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From Java 1.4.2 to Java 6

 
Devin Richards
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Being married to the IBM WebSphere stack I have been stuck in 1.4.2 land for many years, until now. We are looking to move to the new versions of the tools all of which are using Java 6.

I am looking for resources to help me understand all of the new "cool" stuff in Java 6 (and why I would use it.)

Having been programming for over 15 years and a majority of them in Java, I don't need to know how to program (some may argue that) and I don't know Java 5. So I don't need a beginners book but it can't assume I know Java 5. I am more interested in Enterprise code and less in the UI space.

Any ideas?

TIA
 
Seetharaman Venkatasamy
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so do you want to upgrade to java6? If you are good enough with java1.4 then for you to move java1.6 wont be that difficult. you can google and find out the new packages and classes with their needs!
 
Seetharaman Venkatasamy
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and Welcome to JavaRanch
 
Devin Richards
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I agree that the code I have and can write should work and if it doesn't the compiler and some debugging & googling will solve that. I am interested in finding out how and why to use any of the new features or enhancements since 1.4.2.

Most notably is annotations as I see them all over the place.

Just looking for articles, sites, blogs and books to help me on my way as trying to get google to give me a decent result set has been frustrating.
 
Bear Bibeault
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Look for books that focus on Java 5 or "Tiger".

For example, I found both of these books helpful back when I was in the same boat:
  • http://www.amazon.com/Java-5-0-Tiger-Developers-Notebook/dp/0596007388
  • http://www.amazon.com/Java-v5-0-Tiger-New-Features/dp/0072258543
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    Pat Farrell
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    IMHO, the two biggies are generics and the improved for-loop. Well, three if you count the much better auto-boxing support.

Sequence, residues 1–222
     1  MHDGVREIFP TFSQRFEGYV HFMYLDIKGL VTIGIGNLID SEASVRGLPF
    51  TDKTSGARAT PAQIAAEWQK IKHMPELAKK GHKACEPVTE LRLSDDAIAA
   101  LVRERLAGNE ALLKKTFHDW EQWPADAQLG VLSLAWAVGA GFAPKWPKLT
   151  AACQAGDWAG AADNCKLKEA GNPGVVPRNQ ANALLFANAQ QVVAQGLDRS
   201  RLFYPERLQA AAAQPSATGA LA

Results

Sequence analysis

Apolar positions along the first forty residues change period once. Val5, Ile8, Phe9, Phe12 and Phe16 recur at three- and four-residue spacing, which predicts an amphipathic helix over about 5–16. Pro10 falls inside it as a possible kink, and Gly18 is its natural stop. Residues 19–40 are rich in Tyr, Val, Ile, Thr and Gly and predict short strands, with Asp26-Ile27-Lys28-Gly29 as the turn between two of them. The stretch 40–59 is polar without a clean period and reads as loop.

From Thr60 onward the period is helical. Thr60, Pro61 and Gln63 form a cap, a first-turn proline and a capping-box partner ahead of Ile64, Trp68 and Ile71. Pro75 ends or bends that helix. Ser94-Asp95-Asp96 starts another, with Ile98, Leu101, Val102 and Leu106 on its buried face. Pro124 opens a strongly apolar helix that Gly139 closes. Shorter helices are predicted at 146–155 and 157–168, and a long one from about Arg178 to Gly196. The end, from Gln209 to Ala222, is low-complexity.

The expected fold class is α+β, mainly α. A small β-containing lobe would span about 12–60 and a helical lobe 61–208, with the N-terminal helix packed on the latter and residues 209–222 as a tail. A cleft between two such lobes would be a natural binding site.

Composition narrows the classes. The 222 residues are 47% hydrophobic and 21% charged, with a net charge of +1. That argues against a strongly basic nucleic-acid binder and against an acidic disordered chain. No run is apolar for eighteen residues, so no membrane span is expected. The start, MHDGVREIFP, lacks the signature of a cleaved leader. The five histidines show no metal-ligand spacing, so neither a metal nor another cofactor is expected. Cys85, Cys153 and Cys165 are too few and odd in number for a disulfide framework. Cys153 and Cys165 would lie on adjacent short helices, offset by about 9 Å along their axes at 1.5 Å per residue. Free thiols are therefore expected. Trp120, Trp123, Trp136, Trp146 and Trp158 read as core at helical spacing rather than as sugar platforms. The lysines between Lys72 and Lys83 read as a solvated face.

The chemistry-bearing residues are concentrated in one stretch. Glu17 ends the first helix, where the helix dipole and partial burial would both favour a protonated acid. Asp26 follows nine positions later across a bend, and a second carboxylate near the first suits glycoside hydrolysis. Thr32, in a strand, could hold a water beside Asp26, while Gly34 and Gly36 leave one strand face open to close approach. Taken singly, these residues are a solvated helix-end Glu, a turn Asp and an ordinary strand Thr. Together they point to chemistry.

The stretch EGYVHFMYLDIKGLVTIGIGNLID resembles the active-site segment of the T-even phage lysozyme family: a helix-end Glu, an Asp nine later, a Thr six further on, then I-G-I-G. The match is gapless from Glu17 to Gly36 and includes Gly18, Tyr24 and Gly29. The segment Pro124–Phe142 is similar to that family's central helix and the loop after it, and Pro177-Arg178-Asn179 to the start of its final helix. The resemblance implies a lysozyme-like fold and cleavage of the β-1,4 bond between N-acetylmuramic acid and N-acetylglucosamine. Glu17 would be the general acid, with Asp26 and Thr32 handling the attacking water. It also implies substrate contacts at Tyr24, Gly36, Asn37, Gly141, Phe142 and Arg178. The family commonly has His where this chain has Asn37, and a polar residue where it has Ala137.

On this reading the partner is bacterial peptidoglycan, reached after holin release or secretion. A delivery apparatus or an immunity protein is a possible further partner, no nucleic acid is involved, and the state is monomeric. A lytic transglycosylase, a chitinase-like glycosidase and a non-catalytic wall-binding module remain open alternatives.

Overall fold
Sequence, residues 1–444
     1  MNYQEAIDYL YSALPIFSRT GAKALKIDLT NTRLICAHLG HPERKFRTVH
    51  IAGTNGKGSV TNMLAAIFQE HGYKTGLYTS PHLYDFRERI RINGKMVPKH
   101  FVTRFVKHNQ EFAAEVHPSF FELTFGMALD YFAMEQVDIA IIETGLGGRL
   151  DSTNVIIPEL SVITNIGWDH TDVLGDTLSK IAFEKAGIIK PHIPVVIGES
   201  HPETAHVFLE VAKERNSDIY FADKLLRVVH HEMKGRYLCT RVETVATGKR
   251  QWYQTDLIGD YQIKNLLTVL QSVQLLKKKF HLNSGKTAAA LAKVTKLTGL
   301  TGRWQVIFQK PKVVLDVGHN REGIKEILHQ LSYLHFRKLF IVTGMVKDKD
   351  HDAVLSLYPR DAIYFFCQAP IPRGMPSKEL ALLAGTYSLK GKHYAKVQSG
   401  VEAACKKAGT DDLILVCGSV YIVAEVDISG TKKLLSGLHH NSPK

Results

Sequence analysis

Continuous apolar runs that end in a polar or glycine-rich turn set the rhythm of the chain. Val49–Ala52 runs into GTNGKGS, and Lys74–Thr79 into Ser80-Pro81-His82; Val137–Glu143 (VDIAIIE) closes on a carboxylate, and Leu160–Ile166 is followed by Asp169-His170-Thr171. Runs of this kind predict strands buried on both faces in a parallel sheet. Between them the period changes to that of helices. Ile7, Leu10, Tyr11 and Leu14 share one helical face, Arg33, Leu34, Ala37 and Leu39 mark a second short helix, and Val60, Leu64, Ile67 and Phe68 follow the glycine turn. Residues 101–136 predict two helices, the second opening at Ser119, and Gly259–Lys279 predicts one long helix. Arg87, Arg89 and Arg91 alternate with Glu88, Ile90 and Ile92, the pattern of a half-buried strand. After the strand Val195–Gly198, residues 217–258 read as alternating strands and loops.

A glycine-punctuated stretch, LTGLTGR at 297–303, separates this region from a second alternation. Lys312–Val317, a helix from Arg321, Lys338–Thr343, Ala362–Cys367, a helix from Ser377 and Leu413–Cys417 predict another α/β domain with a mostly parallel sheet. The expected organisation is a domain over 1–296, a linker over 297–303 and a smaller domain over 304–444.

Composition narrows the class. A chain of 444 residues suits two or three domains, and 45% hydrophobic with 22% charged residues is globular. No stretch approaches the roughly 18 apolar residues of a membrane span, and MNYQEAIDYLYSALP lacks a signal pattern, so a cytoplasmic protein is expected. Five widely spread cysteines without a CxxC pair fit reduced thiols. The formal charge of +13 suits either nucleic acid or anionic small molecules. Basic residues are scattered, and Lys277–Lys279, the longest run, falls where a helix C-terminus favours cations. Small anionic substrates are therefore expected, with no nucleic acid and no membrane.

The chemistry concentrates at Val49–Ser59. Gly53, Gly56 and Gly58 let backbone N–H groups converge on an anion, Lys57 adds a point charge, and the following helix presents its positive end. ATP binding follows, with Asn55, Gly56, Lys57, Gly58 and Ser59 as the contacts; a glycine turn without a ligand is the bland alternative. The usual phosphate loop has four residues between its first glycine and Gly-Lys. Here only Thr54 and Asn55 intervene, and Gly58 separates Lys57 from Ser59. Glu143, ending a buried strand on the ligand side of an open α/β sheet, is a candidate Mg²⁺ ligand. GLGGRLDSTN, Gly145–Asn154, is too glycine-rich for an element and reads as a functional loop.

The new for-loop and autoboxing are pure good things.

    Generics are a mostly good thing, they can really help, but the syntax is a bit bizarre and the implications of some of the legacy-compatibility decisions are baroque.

    Most folks do not convert legacy code. Rather, they allow it to interoperate, and write new code to the new features of the compiler.

    Have you considered going straight to Java 7?
     
    Devin Richards
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    I can't go to 7 as IBM is on 6. Thanks for the info!!
     
    Paul Clapham
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    Pat Farrell wrote:IMHO, the two biggies are generics and the improved for-loop. Well, three if you count the much better auto-boxing support.


    Four if you count enums...
     
    Campbell Ritchie
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    New memory model and lots of new classes for concurrency. I think that's six now.
     
    Ove Lindström
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    Add Varargs and we are on seven.

     
    Pat Farrell
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    Campbell Ritchie wrote: lots of new classes for concurrency.

    I disagree. Sure they are nice, but anyone who cares about concurrency has a copy of Henry's Threads book, and it contains source code for classes with all the same functionality. I don't think adding a few library classes to the SE JDK, when you already have working versions of them, counts as a big deal.
     
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